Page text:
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Minerva Pediatrica 2016 April;68(2):148-51


language: English

Adolescence, imperceptible boundary between normality and pathology: a literature review

Domenico BOVE 1, Rocco M. BOVE 1, 2, Stefano CACCAVALE 1, Carmela BRAVACCIO 3, Maria MARINO 1, Maddalena LA MONTAGNA 4

1 Department of Physical and Mental Health and Preventive Medicine, Second University of Naples, Naples, Italy; 2 Association Fusis for Research and Training in Child and Adolescent Neuropsychiatry, Alvignano, Caserta, Italy; 3 Department of Paediatrics, Federico II University, Naples, Italy; 4 Department of Neuroscience, Reproductive Science and Odontostomatology, Federico II University, Naples, Italy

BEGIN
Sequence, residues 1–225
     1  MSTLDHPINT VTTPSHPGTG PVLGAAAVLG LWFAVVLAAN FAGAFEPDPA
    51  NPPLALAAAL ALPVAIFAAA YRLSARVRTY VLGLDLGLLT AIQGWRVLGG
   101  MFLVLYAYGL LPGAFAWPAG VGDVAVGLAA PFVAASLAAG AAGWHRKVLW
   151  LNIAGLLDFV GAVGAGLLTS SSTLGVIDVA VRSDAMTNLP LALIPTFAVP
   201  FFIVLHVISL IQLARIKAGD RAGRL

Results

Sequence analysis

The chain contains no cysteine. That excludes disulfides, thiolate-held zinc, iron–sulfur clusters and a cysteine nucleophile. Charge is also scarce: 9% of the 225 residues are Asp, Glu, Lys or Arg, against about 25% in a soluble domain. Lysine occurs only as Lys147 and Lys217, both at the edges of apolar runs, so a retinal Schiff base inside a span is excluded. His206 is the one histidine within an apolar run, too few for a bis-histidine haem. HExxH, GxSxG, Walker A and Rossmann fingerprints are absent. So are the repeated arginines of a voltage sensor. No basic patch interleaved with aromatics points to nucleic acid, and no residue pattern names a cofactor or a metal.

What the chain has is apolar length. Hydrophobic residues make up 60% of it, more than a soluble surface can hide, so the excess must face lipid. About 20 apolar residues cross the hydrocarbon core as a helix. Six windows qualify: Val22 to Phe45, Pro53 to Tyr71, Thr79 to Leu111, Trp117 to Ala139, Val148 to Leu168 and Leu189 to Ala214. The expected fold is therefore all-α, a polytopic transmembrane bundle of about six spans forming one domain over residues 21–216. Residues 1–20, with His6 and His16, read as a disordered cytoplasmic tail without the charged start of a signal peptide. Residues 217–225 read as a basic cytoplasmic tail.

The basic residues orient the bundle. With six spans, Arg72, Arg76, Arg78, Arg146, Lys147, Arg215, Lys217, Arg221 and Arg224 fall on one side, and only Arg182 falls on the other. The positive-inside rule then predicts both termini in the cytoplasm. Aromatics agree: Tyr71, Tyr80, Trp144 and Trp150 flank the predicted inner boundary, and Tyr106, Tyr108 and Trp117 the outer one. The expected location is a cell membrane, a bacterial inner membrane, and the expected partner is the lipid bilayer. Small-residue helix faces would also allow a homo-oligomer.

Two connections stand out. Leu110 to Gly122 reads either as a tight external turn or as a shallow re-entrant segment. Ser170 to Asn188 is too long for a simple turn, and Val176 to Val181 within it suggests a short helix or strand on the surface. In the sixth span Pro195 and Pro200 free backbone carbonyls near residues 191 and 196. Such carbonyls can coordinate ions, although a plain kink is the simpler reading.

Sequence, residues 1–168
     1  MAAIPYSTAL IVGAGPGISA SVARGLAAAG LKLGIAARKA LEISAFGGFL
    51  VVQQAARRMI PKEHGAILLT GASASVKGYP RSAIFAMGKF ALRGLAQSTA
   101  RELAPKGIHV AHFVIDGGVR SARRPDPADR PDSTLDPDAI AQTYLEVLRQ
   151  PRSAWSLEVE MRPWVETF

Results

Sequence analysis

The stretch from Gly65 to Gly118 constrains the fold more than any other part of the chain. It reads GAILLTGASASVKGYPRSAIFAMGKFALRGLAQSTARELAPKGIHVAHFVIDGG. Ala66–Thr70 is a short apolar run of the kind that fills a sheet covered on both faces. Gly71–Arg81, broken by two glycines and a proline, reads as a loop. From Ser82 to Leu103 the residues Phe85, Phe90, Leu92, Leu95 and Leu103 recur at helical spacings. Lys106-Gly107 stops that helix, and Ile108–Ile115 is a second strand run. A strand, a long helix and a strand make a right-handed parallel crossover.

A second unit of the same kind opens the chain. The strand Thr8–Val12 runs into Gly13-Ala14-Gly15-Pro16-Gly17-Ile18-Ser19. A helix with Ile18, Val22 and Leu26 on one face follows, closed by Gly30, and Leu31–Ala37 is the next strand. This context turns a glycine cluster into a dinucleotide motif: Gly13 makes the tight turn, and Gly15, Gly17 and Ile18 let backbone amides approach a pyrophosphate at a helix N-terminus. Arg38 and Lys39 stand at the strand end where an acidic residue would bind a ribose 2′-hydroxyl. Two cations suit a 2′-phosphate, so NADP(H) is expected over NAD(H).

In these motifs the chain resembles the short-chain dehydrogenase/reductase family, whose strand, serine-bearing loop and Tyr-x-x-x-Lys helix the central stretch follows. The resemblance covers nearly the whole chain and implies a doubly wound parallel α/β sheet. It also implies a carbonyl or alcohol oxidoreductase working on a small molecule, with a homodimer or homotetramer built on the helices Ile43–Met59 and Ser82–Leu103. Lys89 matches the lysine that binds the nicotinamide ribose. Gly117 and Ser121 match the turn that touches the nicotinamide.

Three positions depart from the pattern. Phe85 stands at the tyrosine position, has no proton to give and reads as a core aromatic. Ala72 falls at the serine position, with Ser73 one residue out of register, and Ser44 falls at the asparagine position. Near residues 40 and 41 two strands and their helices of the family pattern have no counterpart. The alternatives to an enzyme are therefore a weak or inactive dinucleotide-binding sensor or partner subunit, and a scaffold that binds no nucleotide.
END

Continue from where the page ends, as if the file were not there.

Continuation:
A reorganization of the brain occurs in adolescence and it is documented by neuroimaging, neurophysiology and pathology of development. The high levels of neural plasticity allow the intellectual and emotional development during adolescence, a transition period of life full of physical and psychological changes. However, potentially dangerous agents could be the genesis of psychopathology of the adult and mental illness or distress. Adolescence is a crucial phase for the maturation of the brain. Therefore, future research should study how the environment affects and influences the function and the organization of the brain. Teenagers look for new experiences and strong emotions, sometimes endangering their health. Neuroscientific explanations have been proposed for the typical teenagers’ behavior. In the postnatal period the highest density of gray matter can be found in the primary sensorimotor cortex, while prefrontal cortex matures later. Subcortical areas of the brain, especially the limbic system and the reward system, develop earlier; therefore, there is an imbalance between the more mature subcortical areas and the less mature prefrontal areas during adolescence. This could explain the typical behavior patterns of this period of life.

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